A close-up look at the Australian's purpose-built ride
Australian's 2015 Tinkoff-Saxo team bike
Winner of the 2015 Tour Down Under
New and old kicks and lids seen at WorldTour race
Marianne Vos (Rabo Women) celebrates her win ahead of Emma Johansson (Orica - AIS)
Letter and petition sent to Prudhomme and the ASO
Multi-discipline world champion Marianne Vos is among four cyclists spearheading a campaign for women to be included in the Tour de France, starting next year.
Vos, former world champion Emma Pooley, world champion ironman triathlete Chrissie Wellington and Kathryn Bertine have published a letter to Amaury Sports Organisation and Tour director Christian Prudhomme with an accompanying petition outlining the reasons they believe that women should have an event running in conjunction with the men in what is the most recognisable cycling event in the world.
Such an event is not a new concept. Tour Féminin, a French grand tour for women, ran from 1984 through 2009 albeit with considerable difficulty and three years where it was disbanded (1990, 1991 and 2004). Among the issues were unpaid prize money, excessively long transfers and stages, scheduling issues, poor sponsorship, and a legal battle with ASO subsidiary Société du Tour de France over its then-name, the Women's Tour de France.
The recently-held Giro Rosa, won by the USA's Mara Abbott, now exists as the only grand tour on the women's calendar. It too was threatened with complete extinction until a new organiser stepped in earlier this year guaranteeing it will run through 2016.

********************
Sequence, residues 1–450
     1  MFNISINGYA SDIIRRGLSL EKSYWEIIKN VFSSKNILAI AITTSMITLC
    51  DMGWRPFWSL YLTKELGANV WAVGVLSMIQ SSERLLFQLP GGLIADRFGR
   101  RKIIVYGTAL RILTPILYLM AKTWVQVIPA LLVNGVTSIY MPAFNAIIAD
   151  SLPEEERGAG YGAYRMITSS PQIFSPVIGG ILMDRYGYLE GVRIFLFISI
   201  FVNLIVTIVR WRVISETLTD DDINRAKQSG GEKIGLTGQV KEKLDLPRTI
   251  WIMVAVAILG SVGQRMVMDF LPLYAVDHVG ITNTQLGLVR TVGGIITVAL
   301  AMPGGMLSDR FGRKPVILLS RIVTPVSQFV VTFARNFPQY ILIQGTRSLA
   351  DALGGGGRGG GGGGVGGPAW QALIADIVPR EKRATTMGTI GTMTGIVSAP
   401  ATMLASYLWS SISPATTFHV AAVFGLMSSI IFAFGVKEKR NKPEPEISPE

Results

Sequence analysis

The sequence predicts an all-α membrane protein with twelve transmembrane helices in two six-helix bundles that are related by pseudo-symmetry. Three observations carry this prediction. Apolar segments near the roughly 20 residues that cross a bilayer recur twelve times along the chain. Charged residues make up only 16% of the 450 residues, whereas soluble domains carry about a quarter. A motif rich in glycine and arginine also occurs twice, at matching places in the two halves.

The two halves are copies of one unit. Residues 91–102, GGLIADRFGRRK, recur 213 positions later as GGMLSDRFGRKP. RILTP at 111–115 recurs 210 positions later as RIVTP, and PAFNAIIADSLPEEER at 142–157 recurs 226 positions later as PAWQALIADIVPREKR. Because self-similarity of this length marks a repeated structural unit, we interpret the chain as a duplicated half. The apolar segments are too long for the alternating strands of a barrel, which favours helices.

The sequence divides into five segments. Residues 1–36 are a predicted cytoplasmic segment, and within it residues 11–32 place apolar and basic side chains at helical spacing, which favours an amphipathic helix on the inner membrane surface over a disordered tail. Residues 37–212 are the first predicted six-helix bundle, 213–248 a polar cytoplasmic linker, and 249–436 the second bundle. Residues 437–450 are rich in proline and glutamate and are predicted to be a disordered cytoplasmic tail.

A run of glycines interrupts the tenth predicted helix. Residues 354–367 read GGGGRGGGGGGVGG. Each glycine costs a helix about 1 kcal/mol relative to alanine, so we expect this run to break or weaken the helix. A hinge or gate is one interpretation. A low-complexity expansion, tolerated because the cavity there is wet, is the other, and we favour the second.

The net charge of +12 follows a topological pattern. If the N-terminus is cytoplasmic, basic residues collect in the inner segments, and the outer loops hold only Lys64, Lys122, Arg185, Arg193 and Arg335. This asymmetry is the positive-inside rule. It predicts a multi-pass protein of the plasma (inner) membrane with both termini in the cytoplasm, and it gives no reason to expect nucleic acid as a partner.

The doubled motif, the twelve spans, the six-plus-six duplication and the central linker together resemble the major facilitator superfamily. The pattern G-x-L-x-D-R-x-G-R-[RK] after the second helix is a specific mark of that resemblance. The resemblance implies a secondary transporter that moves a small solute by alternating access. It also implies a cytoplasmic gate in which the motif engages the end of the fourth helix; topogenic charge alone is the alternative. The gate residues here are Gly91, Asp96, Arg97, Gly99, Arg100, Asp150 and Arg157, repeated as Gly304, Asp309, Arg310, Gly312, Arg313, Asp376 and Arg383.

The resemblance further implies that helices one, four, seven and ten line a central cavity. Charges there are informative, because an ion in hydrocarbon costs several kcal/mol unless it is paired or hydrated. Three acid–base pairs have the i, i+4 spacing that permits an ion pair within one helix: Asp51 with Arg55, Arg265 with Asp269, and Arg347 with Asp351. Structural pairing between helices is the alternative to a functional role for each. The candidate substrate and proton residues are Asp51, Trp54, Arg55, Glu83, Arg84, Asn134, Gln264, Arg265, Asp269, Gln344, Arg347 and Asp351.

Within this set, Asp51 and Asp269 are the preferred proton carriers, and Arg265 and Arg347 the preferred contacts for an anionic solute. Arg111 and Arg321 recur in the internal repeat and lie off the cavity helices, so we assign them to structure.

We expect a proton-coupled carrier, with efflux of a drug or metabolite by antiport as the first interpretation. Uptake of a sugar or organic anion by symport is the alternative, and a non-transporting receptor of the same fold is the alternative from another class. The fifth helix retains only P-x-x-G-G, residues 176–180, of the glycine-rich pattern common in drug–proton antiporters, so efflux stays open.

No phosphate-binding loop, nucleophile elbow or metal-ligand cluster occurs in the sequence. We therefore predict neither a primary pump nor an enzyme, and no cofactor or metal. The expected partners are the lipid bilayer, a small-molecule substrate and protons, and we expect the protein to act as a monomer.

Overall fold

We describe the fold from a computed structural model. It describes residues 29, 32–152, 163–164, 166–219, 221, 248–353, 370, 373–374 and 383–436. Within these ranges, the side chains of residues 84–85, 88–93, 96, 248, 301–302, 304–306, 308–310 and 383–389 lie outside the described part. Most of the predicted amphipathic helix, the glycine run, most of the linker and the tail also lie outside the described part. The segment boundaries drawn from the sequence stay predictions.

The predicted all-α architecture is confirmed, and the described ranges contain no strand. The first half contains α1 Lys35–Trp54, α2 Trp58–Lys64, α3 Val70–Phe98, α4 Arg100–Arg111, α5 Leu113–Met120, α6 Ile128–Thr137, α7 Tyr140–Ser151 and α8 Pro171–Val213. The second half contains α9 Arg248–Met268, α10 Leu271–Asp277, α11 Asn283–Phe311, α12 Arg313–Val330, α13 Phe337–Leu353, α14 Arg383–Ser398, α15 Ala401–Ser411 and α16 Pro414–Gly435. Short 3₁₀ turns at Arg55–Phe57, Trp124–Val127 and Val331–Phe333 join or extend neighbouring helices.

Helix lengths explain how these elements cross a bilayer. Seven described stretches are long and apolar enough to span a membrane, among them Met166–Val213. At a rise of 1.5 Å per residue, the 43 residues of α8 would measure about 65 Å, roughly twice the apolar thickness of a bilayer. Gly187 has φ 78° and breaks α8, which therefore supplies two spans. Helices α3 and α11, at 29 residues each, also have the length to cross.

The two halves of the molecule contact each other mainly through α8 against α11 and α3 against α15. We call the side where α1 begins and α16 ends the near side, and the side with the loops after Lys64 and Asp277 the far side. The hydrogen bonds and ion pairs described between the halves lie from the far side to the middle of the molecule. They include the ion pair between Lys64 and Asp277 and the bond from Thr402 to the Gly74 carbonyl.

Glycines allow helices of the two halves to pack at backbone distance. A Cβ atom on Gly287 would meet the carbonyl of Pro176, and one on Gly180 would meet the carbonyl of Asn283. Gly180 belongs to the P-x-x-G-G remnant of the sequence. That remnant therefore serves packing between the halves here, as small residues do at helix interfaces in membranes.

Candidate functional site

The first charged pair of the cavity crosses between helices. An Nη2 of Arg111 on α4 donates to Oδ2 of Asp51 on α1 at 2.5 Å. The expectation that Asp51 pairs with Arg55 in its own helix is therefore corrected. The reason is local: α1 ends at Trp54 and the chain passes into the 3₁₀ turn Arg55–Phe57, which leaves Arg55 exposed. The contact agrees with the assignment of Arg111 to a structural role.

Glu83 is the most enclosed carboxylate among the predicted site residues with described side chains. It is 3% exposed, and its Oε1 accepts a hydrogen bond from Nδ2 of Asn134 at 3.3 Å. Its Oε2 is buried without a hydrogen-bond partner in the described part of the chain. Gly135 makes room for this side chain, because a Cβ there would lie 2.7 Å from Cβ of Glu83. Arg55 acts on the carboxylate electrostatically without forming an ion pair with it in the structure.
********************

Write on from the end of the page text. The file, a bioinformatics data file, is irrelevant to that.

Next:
In less than 24 hours, the petition had generated the support of just under 6000 people.
"We seek not to race against the men, but to have our own professional field running in conjunction with the men's event, at the same time, over the same distances, on the same days, with modifications in start/finish times so neither gender's race interferes with the other," the letter states.
Such an event would force a revision of the UCI rules which currently requires women's stage races to be no more than 130km in length (110km less than under-23 men), while a special waiver allows one stage only to be 150km. Stage races max out at eight days unless permission is granted by the UCI Management Committee.
"Having a women's pro field at the Tour de France will also create an equal opportunity to debunk the myths of physical "limitations" placed upon female athletes," the lobbyists' letter continues. "In the late 1960s people assumed that women couldn't run the marathon. 30 years on we can look back and see how erroneous this was. Hopefully 30 years from now, we will see 2014 as the year that opened people's eyes to true equality in the sport of cycling."
Vos admitted that it would be a huge ask to get the event up and running for 12 months' time.
"Next year is perhaps short notice, but we hope at least that we can get the ball rolling," the Dutchwoman told telegraaf.nl.
The letter and petition can be found here.